Wednesday 3rd November 2021, NCBI is today launching a new suite of resources aimed at tackling the challenges faced by people who are blind or vision impaired when trying to obtain or retain employment. The campaign is being launched by An Tanaiste Leo Varadkar, Minister for Enterprise, Trade and Employment.
Chris White NCBI CEO said “Employment is important for much more than just financial stability, it can boost your self-esteem, your health and happiness. It is a crucial element to maintaining a person’s independence yet so many talented and qualified people who are blind or vision impaired are not getting the opportunities. This can be due to employer assumptions, inaccessible recruitment practices, limitations of statutory supports etc. NCBI is keen to raise awareness of this and seeks statutory, employer and public support to tackle these barriers, dispel myths and create a more inclusive workforce”.
Internationally, Ireland has a low employment rate with only 24% of people who are blind or vision impaired in employment. However, NCBI’s Seeing Your Career report proposes a series of recommendations which if implemented would see the employment rate increase. These include:
• Implementing the information campaign contained within the Government’s Comprehensive Employment Strategy which details supports available to employers and employees. This campaign needs to have sight loss specific information to help demystify the assumptions about a person’s ability and capacity.
• Technology is a significant equalizer and can empower workers to both obtain and retain employment. But funding to assist with costs through HSE Technical Aids Grants and Reasonable Accommodation Fund is fragmented and channelled through the employer. Instead a person-centred fund should be rolled out so individuals can keep adaptations such as any magnification software throughout their career.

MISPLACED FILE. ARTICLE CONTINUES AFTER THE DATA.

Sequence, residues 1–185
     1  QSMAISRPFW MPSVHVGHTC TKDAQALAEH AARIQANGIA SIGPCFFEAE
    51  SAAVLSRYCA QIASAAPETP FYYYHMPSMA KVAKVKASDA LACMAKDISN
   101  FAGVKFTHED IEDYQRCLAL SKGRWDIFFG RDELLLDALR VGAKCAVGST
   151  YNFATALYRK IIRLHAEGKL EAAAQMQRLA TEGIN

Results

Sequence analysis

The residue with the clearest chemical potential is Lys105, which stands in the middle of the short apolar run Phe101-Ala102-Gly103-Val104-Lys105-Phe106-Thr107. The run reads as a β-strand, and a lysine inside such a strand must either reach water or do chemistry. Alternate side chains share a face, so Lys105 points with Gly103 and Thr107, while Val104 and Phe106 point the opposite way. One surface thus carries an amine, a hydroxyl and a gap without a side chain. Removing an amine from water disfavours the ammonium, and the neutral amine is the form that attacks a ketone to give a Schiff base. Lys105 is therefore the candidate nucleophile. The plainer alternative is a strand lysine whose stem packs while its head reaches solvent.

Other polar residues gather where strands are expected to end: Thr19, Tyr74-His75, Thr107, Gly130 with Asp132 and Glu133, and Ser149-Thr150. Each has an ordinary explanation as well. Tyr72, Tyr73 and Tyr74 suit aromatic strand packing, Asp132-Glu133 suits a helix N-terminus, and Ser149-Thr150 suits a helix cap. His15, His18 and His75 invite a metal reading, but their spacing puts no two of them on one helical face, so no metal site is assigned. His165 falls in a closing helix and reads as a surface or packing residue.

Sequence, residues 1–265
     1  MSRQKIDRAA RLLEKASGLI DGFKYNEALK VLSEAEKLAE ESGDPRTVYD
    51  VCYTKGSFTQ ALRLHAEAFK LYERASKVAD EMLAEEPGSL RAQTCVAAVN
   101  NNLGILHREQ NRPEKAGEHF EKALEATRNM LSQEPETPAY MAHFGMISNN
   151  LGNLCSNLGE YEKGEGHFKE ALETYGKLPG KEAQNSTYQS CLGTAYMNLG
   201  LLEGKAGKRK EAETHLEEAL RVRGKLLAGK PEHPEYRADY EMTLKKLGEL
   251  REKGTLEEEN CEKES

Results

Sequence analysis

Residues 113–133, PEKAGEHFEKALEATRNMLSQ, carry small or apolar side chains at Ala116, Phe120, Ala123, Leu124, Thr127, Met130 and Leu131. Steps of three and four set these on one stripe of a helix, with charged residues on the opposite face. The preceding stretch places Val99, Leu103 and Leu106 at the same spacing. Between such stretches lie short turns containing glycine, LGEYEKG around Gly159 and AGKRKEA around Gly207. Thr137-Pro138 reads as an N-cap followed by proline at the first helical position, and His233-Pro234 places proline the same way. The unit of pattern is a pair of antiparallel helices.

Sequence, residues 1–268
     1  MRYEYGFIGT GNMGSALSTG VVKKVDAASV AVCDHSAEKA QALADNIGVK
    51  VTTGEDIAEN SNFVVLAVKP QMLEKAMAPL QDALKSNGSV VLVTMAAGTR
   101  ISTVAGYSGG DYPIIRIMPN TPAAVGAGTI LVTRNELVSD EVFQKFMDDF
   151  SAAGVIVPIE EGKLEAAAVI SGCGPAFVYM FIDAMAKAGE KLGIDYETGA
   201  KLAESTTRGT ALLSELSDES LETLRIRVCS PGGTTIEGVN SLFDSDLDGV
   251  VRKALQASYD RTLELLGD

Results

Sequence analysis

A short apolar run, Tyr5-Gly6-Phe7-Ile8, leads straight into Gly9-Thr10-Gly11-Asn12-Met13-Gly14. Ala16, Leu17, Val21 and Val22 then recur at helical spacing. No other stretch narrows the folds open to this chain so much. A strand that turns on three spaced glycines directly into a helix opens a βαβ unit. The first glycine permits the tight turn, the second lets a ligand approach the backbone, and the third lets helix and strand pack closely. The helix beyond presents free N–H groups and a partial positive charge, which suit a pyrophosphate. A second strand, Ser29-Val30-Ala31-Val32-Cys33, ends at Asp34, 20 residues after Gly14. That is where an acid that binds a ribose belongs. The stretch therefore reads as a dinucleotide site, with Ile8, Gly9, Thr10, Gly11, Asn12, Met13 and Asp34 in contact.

• Digital accessibility is a real barrier if recruitment ads and processes are not accessible effectively excluding job seekers who are blind or vision impaired. Also, many systems and software used within the public sector is not compatible with assistive technology. Full compliance with EU Web Accessibility Directive for statutory agencies and inclusive recruitment practices are required.
• Being self-employed brings huge benefits to someone who is blind or vision impaired but there is inadequate tailored financial support or advice to encourage entrepreneurship so a package of tailored supports should be available.
• Ongoing confusion and fear remain among people who are blind or vision impaired around social welfare entitlements when working or taking up casual work or self-employment. Some efforts have been made including increases in income disregards but also need to ensure mywelfare.ie is fully accessible so can apply online for supports and any project-based funding should not be considered in full as means tested income for the purpose of social welfare supports.
As part of its campaign NCBI has produced a series of resources to assist employers, inform job seekers and influence policy development. These include Seeing Your Career report with a number of policy recommendations outlined, Tips for Employers on how to recruit and retain staff with a vision impairment, Guide for Job Seekers and Guide for Employers on the current suite of statutory supports available.